It is true that we must not only see God in Christ by His spiritual indwelling, but must also account for the Personality that can be so completely receptive of God, and in which God can be so fully present as to be able to express Himself in human form. But God did not then enter the world of man’s life for the first time. As the prologue to the Fourth Gospel teaches, “The Divine Word” that became flesh in Christ was in the world before this, its highest expression. We see in Christ no mere product of creation, but the culmination of the gradual self-communication of God to men to which the whole Old Testament is witness. In Christ we have the consummation of a gradual, ever-growing incarnation of God in man, which, as the result of an ever-increasing immanence in man through the Spirit, reached its culmination in the birth and life of Jesus Christ.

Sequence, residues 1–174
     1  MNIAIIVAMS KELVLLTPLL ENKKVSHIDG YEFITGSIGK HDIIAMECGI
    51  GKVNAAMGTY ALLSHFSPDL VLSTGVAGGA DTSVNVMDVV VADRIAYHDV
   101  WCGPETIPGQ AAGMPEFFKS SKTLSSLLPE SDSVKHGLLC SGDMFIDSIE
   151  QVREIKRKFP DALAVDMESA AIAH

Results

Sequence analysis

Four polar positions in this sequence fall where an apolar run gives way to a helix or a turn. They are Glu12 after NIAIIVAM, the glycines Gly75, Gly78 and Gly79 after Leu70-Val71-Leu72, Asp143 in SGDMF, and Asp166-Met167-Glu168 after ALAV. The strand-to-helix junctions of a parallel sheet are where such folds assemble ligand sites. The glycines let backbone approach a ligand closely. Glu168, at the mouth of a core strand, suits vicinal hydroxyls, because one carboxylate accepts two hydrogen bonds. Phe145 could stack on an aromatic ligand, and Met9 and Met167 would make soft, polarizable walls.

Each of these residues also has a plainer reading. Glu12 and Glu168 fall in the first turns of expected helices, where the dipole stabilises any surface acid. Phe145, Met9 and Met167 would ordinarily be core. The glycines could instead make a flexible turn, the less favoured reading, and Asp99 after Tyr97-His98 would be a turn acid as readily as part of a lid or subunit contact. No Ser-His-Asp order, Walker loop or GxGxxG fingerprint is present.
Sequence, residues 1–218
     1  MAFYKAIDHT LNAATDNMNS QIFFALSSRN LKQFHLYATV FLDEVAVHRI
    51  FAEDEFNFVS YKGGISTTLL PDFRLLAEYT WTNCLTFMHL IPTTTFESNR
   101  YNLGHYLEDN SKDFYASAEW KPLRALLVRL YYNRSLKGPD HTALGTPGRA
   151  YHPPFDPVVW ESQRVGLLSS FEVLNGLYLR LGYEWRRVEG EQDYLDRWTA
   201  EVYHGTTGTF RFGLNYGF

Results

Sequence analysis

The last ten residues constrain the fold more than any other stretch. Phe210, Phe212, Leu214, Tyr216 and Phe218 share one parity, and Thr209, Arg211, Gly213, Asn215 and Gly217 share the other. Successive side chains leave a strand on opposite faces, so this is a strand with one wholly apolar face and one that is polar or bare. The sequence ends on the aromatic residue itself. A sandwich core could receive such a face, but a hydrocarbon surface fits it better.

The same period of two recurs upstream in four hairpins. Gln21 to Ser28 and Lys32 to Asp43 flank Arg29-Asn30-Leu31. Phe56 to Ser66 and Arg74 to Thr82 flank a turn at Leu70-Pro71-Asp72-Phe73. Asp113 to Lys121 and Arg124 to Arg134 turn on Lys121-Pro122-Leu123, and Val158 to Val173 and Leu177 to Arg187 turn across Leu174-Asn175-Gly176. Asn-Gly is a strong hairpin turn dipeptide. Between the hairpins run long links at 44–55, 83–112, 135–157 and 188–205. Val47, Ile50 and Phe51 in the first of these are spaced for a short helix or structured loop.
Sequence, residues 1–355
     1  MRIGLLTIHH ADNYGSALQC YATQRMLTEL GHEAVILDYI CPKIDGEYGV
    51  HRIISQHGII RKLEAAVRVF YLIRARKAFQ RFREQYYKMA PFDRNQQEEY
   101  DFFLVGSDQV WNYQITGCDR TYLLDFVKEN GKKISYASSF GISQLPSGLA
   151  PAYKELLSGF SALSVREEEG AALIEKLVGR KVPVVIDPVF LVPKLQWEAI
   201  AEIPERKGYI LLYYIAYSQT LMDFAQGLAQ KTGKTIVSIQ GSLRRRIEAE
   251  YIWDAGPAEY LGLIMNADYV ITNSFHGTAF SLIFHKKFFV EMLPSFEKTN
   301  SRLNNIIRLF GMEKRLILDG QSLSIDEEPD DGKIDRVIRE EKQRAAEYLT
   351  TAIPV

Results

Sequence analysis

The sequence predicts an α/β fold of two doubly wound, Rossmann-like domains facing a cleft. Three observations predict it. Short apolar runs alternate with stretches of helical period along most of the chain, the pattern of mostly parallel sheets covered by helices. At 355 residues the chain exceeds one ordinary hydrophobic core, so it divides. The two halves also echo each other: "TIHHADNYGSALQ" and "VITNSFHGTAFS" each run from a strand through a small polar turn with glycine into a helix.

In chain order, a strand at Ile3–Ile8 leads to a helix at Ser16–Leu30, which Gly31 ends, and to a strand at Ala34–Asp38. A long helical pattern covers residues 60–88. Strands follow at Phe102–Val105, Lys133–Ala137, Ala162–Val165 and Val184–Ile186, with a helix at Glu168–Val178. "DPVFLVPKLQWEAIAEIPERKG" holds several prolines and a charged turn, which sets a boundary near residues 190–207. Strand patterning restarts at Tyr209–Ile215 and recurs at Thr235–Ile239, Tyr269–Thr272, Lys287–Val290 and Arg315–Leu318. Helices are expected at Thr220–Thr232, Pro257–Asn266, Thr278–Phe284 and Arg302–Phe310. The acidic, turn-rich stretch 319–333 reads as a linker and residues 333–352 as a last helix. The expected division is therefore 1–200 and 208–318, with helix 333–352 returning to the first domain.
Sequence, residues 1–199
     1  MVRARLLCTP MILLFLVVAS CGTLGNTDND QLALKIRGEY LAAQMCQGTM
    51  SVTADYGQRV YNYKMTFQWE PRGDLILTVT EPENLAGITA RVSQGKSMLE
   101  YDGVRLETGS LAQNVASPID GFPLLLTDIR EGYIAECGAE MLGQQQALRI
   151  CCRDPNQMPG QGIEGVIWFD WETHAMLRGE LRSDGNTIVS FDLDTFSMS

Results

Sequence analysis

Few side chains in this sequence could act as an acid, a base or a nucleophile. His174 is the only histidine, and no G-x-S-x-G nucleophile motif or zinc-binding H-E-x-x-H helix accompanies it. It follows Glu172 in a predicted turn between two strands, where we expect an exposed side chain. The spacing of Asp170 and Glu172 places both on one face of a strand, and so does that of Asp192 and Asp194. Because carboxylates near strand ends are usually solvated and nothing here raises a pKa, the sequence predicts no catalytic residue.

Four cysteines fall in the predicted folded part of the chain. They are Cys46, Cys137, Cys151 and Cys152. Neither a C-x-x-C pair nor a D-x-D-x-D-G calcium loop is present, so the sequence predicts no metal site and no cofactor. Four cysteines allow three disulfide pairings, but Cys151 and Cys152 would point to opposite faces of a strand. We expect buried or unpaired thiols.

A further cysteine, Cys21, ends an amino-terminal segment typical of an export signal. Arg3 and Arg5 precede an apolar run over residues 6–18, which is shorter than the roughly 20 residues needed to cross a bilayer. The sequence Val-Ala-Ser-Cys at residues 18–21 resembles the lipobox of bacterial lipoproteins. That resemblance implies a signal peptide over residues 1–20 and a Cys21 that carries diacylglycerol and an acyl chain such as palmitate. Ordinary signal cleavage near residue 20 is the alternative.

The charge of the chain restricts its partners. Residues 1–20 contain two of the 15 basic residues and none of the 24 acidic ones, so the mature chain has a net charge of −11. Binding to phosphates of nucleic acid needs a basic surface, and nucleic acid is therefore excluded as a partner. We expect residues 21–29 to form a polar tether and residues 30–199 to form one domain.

Modern thought should have no difficulty in realising this. We believe in evolution; but why should evolution stop short at the lower, “natural” man and not go on till the higher, spiritual and Divine man is reached? And, if God is deepest of all in the world’s life, must He not become manifest when the human, the highest life in the world, appears in its truth, just, as truly as that which was latent in the seed becomes manifest in the flower? When once “nature” was transcended by man as a spiritual being, new spiritual influences began to operate, and we witness their result in the birth and life of Jesus Christ. As in natural evolution, we are unable to trace the working of the formative forces right on to the new appearance; but that new appearance is none the less their outcome. And, although in Israel there was general religious decadence when Jesus appeared, yet there was always a line of the humble pious wherein God was working, and it was from amongst those that Jesus came, as He in whom God found complete spiritual entrance into our humanity. I believe that it was towards this very end of His self-communication to and self-expression in man that God was working from the beginning of the creation; that this was the very ideal and purpose of the creation; that it was in Israel that He found the chief line of advance therein; that this was the deepest meaning of the religious movement in this ‘people, which also took up into itself elements from the Divine movement in other peoples; that the results were handed on in the same way as those of all forms of development have been handed on, that the whole movement culminated in the birth of that organism which formed the ground of that Divine-human life in Jesus Christ which was consummated by His complete sacrifice of Himself in the name of Divine Righteousness and Love. It is only, I repeat, by a gradual entrance into humanity, not by a sudden entrance, or by a birth in one individual in one moment of time, that an ethical Being can find self-expression therein. There must be an ethical preparation for the incarnation, organically expressed.